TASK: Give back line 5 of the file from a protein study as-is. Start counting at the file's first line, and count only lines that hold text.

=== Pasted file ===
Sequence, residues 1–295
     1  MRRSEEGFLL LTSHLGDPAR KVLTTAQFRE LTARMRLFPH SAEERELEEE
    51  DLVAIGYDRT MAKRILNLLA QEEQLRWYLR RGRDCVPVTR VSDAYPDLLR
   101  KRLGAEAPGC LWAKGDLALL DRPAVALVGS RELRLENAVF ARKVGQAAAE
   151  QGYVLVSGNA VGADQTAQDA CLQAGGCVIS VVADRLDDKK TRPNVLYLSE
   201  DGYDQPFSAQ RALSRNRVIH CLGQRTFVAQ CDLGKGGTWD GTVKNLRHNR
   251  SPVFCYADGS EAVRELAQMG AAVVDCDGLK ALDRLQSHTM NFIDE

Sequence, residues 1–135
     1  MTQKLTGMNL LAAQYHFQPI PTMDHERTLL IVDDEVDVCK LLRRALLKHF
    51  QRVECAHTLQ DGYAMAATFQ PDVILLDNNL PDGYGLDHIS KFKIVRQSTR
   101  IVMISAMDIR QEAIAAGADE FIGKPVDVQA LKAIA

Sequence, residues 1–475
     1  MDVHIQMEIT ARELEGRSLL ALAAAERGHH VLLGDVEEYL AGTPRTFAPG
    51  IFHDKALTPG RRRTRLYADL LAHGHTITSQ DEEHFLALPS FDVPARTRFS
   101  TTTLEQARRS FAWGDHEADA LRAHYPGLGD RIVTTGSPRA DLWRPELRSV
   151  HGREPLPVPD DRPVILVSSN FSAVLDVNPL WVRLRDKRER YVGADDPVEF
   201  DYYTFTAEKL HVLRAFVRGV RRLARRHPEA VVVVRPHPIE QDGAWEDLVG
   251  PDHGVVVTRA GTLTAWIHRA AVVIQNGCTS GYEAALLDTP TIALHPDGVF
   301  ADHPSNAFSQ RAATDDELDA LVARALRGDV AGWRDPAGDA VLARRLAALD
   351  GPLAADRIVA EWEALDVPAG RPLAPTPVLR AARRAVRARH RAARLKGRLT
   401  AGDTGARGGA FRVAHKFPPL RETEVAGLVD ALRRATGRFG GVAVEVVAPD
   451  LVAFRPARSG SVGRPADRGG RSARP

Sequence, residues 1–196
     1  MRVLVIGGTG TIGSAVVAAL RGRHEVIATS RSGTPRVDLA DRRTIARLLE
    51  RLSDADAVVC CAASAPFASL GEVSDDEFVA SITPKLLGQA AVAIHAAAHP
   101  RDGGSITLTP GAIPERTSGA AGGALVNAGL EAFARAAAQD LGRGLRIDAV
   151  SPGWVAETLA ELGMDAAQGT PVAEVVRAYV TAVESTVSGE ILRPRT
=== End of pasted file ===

   151  QGYVLVSGNA VGADQTAQDA CLQAGGCVIS VVADRLDDKK TRPNVLYLSE